by constitutional means, and make it
slick. We took for granted that resistance
to Communist attack would remain our
If the President had staled what was
official policy, what could hinder us
from following the new course? We did
not believe the one essential fact—the
colleetivist, global. pro-Soviet elite never
quits. It only goes underground, until
the conflict is forgotten. Then it surfaces again, ready for action, while we
sleep. It puts on a new cover of pro-
Americanism, but it is unchanged.
From 1947 to today the colleetivist
elite has let the pro-Americans win the
public victories, but it has promptly
pulverized the true American policies in
It may help to call the globalist-collec-
tivist-pro-Russian group the Acheson
group. We are, however, dealing with
something much stronger than personalities. Forrestal is dead, but his policy has
been revived again and again. Acheson
is gone, but the evil that he did lives
The important point is that we did
not have a united American government
which could, after debate, set a final
American policy. We had two centers
of policymaking competing for mastery.
The globalists made no attempt to
attack or debate the Forrestal policy of
rearming. They set out secretly to undermine it, so tbat it would sink slowly,
silently into the ground, and collapse in
a heap of dust.
As soon as they thought it safe their
tame columnists began to beat the
drums. Their friends in the State Department and other government agencies
came forward piously with their loaded
proposals—always under a carefully innocent surface, proposals to sabotage
hard mililarv resistance and go back to
the Teheran-Yalta policies.
You know what happened to Forrestal. You may not remember what happened to his successor. Louis Johnson.
He tried desperately with reduced appropriations, to gel American military
forces in readiness in 1950. A few weeks
after the Korean war began, the columnists who worked wilh the elite began
a bitter attack on him. He was let oul
summarily. He learned from the newspapermen of his replacement by General Marshall.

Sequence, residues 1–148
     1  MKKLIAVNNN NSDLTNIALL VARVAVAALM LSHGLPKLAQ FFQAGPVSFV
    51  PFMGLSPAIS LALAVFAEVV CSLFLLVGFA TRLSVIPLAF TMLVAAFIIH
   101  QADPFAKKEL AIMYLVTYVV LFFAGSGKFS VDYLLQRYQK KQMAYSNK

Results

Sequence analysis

On the foreign-policy front thc colleetivist one-worlders diverted the Truman doctrine for hard military aid
"gainst communism into Ihe Marshall
plan for economic aid for people in the
line of march of thc Communisl legions.
' have said again and again thai the
Marshall plan was Greek-Turkish aid
with ils claws pulled. It could roar
fiercely at Soviet Russia but never burl
". In fail, il was selling the table for
Stalin, enriching the countries the Soviel
Union intended to take without conquest.
Was President Truman to blame for
abandonment of the hard Truman doctrine and ils replacement by the soft
policy of economic aid? I do not say so.
So long as two competing centers of
power battle for control of the American
government, any President is nearly
helpless. The elite was stronger than
President Roosevelt. It was stronger
than President Truman. Early in 1952,
in describing the Colossus on the Potomac, I said I did not want President
Truman to head up such powers. I did
not want any Democratic President to
bead up sucb powers, and I did not
want any Republican President to head
up such powers.
Neither am I criticizing the Demo-
eieeiii- party. This supraconstitutional
elite is stronger than any American political party.
Slowly our security deteriorated on
In June, 1948, Senator Vandenberg
bad introduced the resolution authorizing a regional pact with European nations. He did not suspect this was one
of the interchangeable purls in lhe plan
for NATO. Our security was tied to nations in which nearly one-third of the
electors voted Communist, and where
the trade unions, seaports, rail lines, and
other services were under tight Communist control.
Secretary Acheson drew a line in the